The American health care system is obviously a gigantic mess. Brill's comprehensive examination of Obamacare definitely warrants praise, but are his own ideas for insurance reform worthy of the same commendation?
By: Jimbo X
As of 2015, the health care sector represents somewhere between one-fifth and one-sixth of the total U.S. economy. More than $3 trillion was spent in 2014; that year, American consumers doled out $17 billion on artificial hips and knees and $85.9 billion treating back pain alone.
If nothing else, America's Bitter Pill - Steven Brill's 2015 expose of the American health care system - clearly indicates ours is a culture of medical excess. Whereas there are 5.9 MRI machines per one million English residents, in the U.S. there are 31.5. Medtronic, the nation's leading medical equipment manufacturer, has an annual gross profit margin almost twice that of Apple. "This is the only industry where technological advances have increased costs instead of lowering them," the author states fairly early on in the tome.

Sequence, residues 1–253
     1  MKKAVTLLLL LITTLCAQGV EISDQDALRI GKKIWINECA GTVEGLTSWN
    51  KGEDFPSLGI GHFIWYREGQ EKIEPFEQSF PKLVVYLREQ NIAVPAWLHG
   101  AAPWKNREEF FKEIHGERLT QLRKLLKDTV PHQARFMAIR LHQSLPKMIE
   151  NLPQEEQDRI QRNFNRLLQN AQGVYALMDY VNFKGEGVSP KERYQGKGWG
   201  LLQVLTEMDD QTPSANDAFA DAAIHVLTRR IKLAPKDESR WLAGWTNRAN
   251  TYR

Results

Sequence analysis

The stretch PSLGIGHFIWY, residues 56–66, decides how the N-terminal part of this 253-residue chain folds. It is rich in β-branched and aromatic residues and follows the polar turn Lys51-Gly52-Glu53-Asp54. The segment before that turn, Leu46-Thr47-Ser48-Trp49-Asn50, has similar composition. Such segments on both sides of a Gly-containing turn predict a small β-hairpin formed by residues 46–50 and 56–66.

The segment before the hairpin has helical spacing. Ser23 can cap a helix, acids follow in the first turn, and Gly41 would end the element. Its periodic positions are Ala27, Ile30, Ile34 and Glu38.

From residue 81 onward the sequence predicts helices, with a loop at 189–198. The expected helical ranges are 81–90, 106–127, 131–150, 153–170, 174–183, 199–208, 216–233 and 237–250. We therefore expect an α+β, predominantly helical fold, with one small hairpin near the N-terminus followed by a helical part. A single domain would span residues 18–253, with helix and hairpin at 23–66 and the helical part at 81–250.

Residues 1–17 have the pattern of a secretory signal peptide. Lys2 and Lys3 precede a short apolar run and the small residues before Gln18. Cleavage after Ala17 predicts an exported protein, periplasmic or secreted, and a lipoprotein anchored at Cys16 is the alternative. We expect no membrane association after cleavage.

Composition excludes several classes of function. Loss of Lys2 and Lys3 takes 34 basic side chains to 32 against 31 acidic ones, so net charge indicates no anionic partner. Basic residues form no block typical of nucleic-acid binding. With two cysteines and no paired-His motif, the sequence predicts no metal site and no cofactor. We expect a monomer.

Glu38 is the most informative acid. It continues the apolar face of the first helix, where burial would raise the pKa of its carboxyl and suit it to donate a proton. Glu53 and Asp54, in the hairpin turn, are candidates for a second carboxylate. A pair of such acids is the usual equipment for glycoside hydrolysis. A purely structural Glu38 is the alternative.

Of course, the major pharmaceutical companies have considerable political clout. For one thing, there are no prescription drug price controls in the States; despite nine out of the 10 largest pharmaceutical manufacturers getting hit with illegal marketing and kickback penalties, they nonetheless spend four times as much money lobbying than military/industrial stalwarts like Boeing and Lockheed-Martin (which more than likely explains the aforementioned lack of price controls.)